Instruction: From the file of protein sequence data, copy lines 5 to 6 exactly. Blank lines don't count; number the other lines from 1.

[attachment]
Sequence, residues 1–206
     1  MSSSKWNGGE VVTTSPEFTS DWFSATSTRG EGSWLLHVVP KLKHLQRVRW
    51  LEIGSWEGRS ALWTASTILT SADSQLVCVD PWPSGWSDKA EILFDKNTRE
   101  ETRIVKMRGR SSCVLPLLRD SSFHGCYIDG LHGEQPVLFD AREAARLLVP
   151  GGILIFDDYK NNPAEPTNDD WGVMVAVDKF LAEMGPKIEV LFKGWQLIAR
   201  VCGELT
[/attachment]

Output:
   151  GGILIFDDYK NNPAEPTNDD WGVMVAVDKF LAEMGPKIEV LFKGWQLIAR
   201  VCGELT